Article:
International scholars as participants in American international educational exchange

Date of Award




Degree Name

Doctor of Philosophy (Ph.D.)


Higher Education

First Committee Member

E. John Kleinert - Committee Chair


This investigation attempted to expand the knowledge about international scholars as a unique component in American international educational exchange programs.Data collected through the procedures of mail survey and telephone interviews provided the basis for analysis. Among some of the principal findings of the study were the following: (1) The predominant number of international scholars was male with an average age of 36. Most were married with children. (2) Over half of the international scholars came from Asian countries with China as the largest exporter of scholars to the United States. The American host institution was the primary source of funding for international scholars. (3) Health sciences were the most concentrated fields of specialization among international scholars. Many international scholars held doctoral degrees in their fields of specialization. Most had an established career and/or high professional ranking in their home countries. (4) Most international scholars were attracted to the United States by better research facilities, the opportunity to explore research interests, and the opportunity for cultural enrichment. (5) Professionally, many scholars were motivated by the desire to improve their research or teaching skills and to widen their intellectual horizons in their professional field. To improve English proficiency and to learn more about the United States and its people through first-hand experience stood high on international scholars' personal agendas. (6) For quite a large number of international scholars, their choice of the American host institution was dependent upon the availability of the position and funding. (7) Professional accomplishments and research concentration were the two major criteria in the scholars' choices of their professional collaborators. (8) The majority of international scholars experienced various adjustment difficulties while in the United States. Lack of proficiency in English remained the most serious problem. (9) The greatest concern among international scholars was the success and completion of their research projects.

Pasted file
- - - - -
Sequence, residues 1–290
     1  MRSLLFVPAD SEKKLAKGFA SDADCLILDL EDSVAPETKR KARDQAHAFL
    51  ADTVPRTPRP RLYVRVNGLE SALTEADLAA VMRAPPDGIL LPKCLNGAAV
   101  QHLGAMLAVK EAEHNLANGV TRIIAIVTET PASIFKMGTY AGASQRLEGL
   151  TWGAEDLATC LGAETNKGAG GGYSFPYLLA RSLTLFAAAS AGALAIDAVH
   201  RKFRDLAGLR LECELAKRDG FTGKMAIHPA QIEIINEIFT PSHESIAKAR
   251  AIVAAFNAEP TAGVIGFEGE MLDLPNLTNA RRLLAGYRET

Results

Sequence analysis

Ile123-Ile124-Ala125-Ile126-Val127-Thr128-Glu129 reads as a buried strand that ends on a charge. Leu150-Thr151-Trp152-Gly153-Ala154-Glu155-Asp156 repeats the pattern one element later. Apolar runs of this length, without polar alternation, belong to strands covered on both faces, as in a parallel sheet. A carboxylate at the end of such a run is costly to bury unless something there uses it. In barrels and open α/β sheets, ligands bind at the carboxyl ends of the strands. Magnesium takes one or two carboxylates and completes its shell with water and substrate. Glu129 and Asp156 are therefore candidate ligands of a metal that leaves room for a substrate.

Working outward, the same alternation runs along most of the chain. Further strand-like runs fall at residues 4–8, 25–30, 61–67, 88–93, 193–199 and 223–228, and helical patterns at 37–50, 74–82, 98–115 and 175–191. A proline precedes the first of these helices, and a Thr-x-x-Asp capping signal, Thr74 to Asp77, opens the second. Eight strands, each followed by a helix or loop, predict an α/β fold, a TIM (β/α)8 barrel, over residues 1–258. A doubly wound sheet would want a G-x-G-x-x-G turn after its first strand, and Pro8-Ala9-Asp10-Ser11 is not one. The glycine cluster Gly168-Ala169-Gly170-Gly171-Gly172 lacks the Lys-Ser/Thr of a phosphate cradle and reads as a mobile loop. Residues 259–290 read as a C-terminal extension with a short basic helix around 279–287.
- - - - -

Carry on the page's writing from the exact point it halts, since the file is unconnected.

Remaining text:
Education, Bilingual and Multicultural

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